Nehemiah 2:18
Then I told them of the hand of my God which was good on me; as also the king's words that he had spoken to me. And they said, Let us rise up and build. So they strengthened their hands for this good work.
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EXPOSITORY (ENGLISH BIBLE)
(18) Then I told them.—Nehemiah relates his providential call, with the king’s commission, and the people were thoroughly enlisted in the good cause.

2:9-18 When Nehemiah had considered the matter, he told the Jews that God had put it into his heart to build the wall of Jerusalem. He does not undertake to do it without them. By stirring up ourselves and one another to that which is good, we strengthen ourselves and one another for it. We are weak in our duty, when we are cold and careless.The king's words - These have not been given; but the royal permission to restore the walls is implied in Nehemiah 2:5-6. 16-18. the rulers knew not—The following day, having assembled the elders, Nehemiah produced his commission and exhorted them to assist in the work. The sight of his credentials, and the animating strain of his address and example, so revived their drooping spirits that they resolved immediately to commence the building, which they did, despite the bitter taunts and scoffing ridicule of some influential men. No text from Poole on this verse. Then I told them of the hand of my God which was good upon me..... Of the kind providence of God in exalting him in the court of the king of Persia, in giving him an opportunity of laying the sad case of Jerusalem before him, and in inclining his heart to show favour to him, and grant his request:

as also the king's words that he had spoken to me; what passed between them on this subject, the commission he gave him, and the letters he sent by him to his governors on this side the river:

and they said, let us rise up and build; encouraged by this account of things, they proposed to set about the work immediately:

so they strengthened their hands for this good work; animated and encouraged one another to proceed to it at once with cheerfulness, and to go on in it with spirit and resolution.

Then I told them of the hand of my God which was good upon me; as also the king's words that he had spoken unto me. And they said, Let us rise up and build. So they {g} strengthened their hands for this good work.

(g) They were encouraged and gave themselves to do well, and to travel in this worthy enterprise.

EXEGETICAL (ORIGINAL LANGUAGES)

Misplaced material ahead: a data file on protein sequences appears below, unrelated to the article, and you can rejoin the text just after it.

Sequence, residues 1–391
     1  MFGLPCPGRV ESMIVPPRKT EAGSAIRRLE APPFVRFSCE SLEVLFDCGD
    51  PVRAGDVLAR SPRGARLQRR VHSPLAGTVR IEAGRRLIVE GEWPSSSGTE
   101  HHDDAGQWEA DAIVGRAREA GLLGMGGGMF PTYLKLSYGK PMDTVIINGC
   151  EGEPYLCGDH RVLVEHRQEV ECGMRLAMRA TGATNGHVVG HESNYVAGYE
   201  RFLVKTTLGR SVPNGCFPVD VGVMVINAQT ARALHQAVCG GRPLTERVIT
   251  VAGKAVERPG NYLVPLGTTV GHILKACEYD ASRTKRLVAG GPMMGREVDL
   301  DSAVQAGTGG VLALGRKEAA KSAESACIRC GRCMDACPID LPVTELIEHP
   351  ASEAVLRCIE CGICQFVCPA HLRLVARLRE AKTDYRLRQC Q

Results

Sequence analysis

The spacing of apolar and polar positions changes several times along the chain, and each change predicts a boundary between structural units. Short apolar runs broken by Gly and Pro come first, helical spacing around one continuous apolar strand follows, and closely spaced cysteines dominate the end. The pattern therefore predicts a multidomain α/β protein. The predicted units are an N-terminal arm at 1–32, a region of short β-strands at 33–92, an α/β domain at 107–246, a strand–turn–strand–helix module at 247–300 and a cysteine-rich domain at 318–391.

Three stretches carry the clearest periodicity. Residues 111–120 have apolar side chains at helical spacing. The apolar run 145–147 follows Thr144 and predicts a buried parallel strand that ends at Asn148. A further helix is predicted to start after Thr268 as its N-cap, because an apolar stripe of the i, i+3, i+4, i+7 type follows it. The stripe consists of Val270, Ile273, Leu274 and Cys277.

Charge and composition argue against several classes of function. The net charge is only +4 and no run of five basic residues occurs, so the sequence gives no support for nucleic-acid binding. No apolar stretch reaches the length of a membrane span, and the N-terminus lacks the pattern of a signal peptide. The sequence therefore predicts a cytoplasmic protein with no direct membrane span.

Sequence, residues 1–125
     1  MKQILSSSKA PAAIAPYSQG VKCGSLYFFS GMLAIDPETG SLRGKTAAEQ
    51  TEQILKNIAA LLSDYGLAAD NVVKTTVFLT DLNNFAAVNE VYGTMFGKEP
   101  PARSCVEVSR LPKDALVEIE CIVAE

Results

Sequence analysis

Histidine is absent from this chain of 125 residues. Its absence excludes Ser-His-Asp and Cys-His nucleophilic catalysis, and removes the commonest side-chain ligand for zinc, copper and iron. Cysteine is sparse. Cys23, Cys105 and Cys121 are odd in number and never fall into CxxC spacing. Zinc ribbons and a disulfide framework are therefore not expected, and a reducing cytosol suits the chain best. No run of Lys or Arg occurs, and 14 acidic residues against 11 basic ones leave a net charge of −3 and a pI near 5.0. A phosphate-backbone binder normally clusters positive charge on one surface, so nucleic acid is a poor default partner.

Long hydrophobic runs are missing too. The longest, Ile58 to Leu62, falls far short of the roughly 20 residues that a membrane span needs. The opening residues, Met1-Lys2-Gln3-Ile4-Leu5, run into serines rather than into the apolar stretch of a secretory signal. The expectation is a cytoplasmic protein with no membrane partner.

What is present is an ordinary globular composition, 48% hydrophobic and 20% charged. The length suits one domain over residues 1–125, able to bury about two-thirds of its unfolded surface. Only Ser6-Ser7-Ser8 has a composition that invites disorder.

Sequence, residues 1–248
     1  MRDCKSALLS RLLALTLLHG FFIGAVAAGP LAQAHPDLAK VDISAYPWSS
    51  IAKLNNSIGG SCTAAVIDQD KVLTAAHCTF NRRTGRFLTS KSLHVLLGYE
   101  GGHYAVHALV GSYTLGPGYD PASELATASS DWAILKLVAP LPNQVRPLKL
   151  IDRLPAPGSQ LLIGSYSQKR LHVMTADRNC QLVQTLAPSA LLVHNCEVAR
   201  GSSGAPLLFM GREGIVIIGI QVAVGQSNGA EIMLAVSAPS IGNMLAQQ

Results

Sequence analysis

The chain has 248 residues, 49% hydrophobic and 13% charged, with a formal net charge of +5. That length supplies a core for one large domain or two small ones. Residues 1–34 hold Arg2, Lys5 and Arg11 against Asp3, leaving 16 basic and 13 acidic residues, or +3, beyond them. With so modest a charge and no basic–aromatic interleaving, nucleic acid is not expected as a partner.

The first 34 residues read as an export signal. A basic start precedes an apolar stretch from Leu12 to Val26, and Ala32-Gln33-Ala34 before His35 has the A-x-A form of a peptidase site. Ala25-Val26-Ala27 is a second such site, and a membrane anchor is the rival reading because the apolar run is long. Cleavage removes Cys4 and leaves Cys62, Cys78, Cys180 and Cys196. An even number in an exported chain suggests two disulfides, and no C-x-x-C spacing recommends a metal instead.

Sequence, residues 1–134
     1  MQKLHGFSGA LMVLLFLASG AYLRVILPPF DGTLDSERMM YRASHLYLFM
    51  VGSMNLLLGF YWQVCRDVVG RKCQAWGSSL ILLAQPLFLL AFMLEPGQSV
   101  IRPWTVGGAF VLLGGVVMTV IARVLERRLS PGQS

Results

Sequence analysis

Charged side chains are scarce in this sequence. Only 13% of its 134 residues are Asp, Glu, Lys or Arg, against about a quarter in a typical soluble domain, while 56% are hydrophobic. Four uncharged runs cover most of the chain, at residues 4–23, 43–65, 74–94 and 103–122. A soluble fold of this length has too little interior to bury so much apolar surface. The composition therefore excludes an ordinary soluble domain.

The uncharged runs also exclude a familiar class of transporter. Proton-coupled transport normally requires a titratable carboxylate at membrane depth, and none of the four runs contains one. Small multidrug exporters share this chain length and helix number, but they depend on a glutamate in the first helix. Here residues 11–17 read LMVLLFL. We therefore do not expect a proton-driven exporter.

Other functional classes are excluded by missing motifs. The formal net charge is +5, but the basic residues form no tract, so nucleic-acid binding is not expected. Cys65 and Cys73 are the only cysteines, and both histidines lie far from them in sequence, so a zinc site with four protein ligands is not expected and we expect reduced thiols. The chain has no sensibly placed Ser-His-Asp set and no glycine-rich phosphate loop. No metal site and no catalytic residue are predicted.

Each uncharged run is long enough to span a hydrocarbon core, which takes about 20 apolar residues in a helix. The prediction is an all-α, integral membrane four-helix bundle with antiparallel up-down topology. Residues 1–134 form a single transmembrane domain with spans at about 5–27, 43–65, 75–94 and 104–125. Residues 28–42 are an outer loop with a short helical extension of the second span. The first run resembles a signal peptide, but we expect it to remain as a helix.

18. the hand of my God] Cf. Nehemiah 2:8. The blessing which had so far attended his plan.

as also the king’s words] R.V. as also of, &c. He reported the substance of the king’s words, which the compiler has not given us.

Let us rise up and build] The people responded with enthusiasm.

So they strengthened their hands] The presence of enemies on every side made the undertaking hazardous. At the same time the need of courage will be more obvious if we accept the theory of a recent hostile attack (cf. note on Nehemiah 1:2). The versions render the verb in the passive, LXX. ἐκραταιώθησαν αἱ χεῖρες αὐτῶν, Vulg. confortatae sunt manus eorum, which is followed by Luther, ‘ihre Hände wurden gestärkt.

for this good work] R.V. for the good work. Literally, ‘for the good,’ the same expression as ‘the well-fare’ in Nehemiah 2:10. LXX. εἰς τὸ ἀγαθόν, Vulg. in bono.Verse 18. - Then I told them of the hand of my God. Nehemiah sketched the history of his past life, and showed how God's providence had always shielded him and supported him. This, however, would scarcely have had any great effect had he not been able to appeal further to the king's words that he had spoken. These words clearly contained permission to rebuild the wall, and took away the danger of their so doing being regarded as an act of rebellion by the Persians. What others might think was not of very much account. And they said, Let us rise up and build. Nehemiah's address had all the effect he hoped for from it. He was anxious to carry the nation with him, and induce them, one and. all, to engage heartily in the work, which must be accomplished, if it was to be accomplished at all, by something like a burst of enthusiasm. Such a burst he evokes, and its result is seen in the next chapter. Almost the whole people came forward, and set to work with zeal So they strengthened their hands for this good work. The original is briefer, and more emphatic - "And they strengthened their hands for good." They embraced the good cause, took the good part, set themselves to work heartily on the right side. Nehemiah's arrival at Jerusalem. He surveys the wall, and resolves to restore it. - Nehemiah 2:11 Having arrived at Jerusalem and rested three days (as Ezra had also done, Ezra 8:32), he arose in the night, and some few men with him, to ride round the wall of the city, and get a notion of its condition. His reason for taking but few men with him is given in the following sentence: "I had told no man what my God had put in my heart to do for Jerusalem." Although he had come to Jerusalem with the resolution of fortifying the city by restoring its circumvallation, he spoke of this to no one until he had ascertained, by an inspection of the wall, the magnitude and extent of the work to be accomplished. For, being aware of the hostility of Sanballat and Tobiah, he desired to keep his intention secret until he felt certain of the possibility of carrying it into execution. Hence he made his survey of the wall by night, and took but few men with him, and those on foot, for the sake of not exciting attention. The beast on which he rode was either a horse or a mule.
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